On April 2, 1861, the New York Times reported on a speech given by Alexander H. Stephens, the Vice President of the Confederacy. The speech has gone down in history as "The Cornerstone Speech" because in it, Stephens described the "cornerstone" of the Confederacy and the key cause of the coming Civil War:
They rested upon the assumption of the equality of races. This was an error. It was a sandy foundation, and the government built upon it fell when the "storm came and the wind blew."
Our new government is founded upon exactly the opposite idea; its foundations are laid, its corner- stone rests, upon the great truth that the negro is not equal to the white man; that slavery subordination to the superior race is his natural and normal condition. This, our new government, is the first, in the history of the world, based upon this great physical, philosophical, and moral truth.
This truth has been slow in the process of its development, like all other truths in the various departments of science. It has been so even amongst us. Many who hear me, perhaps, can recollect well, that this truth was not generally admitted, even within their day. The errors of the past generation still clung to many as late as twenty years ago. Those at the North, who still cling to these errors, with a zeal above knowledge, we justly denominate fanatics. All fanaticism springs from an aberration of the mind from a defect in reasoning. It is a species of insanity. One of the most striking characteristics of insanity, in many instances, is forming correct conclusions from fancied or erroneous premises; so with the anti-slavery fanatics. Their conclusions are right if their premises were. They assume that the negro is equal, and hence conclude that he is entitled to equal privileges and rights with the white man. If their premises were correct, their conclusions would be logical and just but their premise being wrong, their whole argument fails.
I recollect once of having heard a gentleman from one of the northern States, of great power and ability, announce in the House of Representatives, with imposing effect, that we of the South would be compelled, ultimately, to yield upon this subject of slavery, that it was as impossible to war successfully against a principle in politics, as it was in physics or mechanics. That the principle would ultimately prevail. That we, in maintaining slavery as it exists with us, were warring against a principle, a principle founded in nature, the principle of the equality of men. The reply I made to him was, that upon his own grounds, we should, ultimately, succeed, and that he and his associates, in this crusade against our institutions, would ultimately fail. The truth announced, that it was as impossible to war successfully against a principle in politics as it was in physics and mechanics, I admitted; but told him that it was he, and those acting with him, who were warring against a principle. They were attempting to make things equal which the Creator had made unequal.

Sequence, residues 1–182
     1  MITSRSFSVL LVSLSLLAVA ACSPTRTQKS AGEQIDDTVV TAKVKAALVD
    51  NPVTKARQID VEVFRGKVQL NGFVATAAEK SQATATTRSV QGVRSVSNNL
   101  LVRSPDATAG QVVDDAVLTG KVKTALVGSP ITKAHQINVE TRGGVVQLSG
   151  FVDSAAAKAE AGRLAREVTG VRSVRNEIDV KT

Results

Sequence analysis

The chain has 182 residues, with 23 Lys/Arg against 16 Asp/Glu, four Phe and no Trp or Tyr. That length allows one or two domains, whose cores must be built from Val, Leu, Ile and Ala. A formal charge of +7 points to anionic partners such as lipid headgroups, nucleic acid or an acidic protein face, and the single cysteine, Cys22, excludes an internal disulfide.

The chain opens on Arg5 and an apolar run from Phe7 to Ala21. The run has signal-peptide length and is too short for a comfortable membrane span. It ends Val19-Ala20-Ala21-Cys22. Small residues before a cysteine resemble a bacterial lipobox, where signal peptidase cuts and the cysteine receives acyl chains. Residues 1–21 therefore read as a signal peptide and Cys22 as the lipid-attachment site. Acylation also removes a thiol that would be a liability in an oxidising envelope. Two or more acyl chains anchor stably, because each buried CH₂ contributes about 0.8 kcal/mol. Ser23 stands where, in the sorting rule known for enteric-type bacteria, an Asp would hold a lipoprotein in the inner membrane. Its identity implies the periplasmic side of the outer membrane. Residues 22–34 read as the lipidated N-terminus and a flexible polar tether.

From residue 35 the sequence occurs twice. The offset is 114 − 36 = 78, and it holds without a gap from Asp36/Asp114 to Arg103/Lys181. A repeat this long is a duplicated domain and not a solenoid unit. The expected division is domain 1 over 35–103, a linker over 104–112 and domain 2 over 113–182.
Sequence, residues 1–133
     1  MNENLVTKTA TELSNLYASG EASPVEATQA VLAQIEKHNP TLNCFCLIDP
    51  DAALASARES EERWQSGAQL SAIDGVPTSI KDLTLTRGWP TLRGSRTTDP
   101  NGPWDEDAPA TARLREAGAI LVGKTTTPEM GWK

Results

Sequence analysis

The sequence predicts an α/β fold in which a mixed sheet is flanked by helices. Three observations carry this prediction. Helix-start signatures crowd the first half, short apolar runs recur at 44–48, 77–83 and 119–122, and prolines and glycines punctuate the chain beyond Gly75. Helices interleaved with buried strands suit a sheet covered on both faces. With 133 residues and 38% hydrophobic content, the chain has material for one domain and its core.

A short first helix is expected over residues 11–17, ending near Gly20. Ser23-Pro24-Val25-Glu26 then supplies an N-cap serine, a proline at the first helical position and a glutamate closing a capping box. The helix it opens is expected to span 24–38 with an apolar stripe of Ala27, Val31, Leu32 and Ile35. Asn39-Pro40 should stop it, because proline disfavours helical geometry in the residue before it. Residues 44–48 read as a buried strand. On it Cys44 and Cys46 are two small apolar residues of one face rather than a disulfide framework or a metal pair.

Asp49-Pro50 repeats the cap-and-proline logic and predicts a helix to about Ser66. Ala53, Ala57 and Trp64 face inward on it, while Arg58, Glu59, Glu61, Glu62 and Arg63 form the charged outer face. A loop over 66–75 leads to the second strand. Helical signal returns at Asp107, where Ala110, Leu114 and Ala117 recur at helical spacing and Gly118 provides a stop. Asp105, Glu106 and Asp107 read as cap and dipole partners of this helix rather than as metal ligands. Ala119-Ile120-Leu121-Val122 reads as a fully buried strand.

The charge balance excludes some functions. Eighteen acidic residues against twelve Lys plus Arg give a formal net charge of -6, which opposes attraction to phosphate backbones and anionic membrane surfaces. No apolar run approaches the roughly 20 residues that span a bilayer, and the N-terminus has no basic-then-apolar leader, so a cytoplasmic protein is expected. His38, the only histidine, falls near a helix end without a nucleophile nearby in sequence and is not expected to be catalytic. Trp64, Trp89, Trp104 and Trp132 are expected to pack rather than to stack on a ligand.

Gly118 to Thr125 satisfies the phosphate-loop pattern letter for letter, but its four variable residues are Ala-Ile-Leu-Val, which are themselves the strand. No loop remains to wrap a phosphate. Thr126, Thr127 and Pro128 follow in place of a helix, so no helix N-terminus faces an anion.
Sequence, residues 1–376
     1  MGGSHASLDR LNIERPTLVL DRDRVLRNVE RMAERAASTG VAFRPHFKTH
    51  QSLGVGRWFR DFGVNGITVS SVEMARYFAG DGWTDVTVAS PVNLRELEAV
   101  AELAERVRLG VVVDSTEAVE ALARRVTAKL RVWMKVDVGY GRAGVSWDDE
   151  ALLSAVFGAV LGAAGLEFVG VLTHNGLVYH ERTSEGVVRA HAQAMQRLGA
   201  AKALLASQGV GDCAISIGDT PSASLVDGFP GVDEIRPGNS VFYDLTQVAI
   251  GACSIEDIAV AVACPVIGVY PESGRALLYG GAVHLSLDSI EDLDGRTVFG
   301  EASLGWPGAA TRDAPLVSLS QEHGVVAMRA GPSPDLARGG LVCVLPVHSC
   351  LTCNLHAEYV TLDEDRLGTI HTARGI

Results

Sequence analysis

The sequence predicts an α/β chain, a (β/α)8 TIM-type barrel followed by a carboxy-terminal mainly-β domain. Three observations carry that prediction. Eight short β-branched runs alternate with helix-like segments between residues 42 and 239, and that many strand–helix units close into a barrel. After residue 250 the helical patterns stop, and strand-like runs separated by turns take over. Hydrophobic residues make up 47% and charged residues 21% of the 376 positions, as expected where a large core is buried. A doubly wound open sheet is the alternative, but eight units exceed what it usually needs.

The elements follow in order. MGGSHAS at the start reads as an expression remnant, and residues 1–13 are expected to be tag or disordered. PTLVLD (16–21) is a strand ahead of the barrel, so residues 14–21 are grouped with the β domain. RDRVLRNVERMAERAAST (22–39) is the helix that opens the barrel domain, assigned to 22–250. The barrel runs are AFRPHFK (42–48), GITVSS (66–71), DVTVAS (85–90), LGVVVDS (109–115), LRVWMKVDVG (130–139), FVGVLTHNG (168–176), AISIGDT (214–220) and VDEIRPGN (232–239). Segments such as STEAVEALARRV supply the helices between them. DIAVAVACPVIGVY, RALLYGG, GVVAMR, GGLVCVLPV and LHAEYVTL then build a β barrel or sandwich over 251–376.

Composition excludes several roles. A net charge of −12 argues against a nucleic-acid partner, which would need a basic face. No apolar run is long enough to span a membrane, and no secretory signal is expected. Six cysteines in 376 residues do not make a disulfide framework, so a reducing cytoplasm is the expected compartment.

The twisted logic and faulty reasoning of Alexander Stephens are the exact same tools that the modern followers of the Confederate train of thought--be they self-described as Republicans, conservative or Tea Party--use to argue anything and everything. You could replace the issue of slavery with the rights of workers, or climate change, or Health Care reform, or budget cutting or anything else and the argument still follows the same script, rhetoric and magical thinking. Then as now, their views are always rooted in a fantasy world. And they always react with hostility to anybody who dares offers an opinion, cites a fact or presents evidence that their POV is groundless.
150 years ago the New York Times wrote about the clear madness of Stephens and the Confederacy:
It would indeed be impossible to manifest more palpably the utter impotence and suicidal character of this movement than is done by the spirit of the articles of faith with which this "model nation of history" comes before the world. In such spirit nothing was even devised, planted or built by man: Success on such terms is possible only on condition that all that makes history illustrious ina cheat, Progress a mockery, and the world without a God. The records of humanity are not without similar tragic episodes of national delirium, which assume, on the pages of History, the character of a sort of irony of the Fates.
With a few word changes the NYTs could almost write the same paragraph about today's modern fantasy based conservative movement.
The more things change, the more that some things remain the same.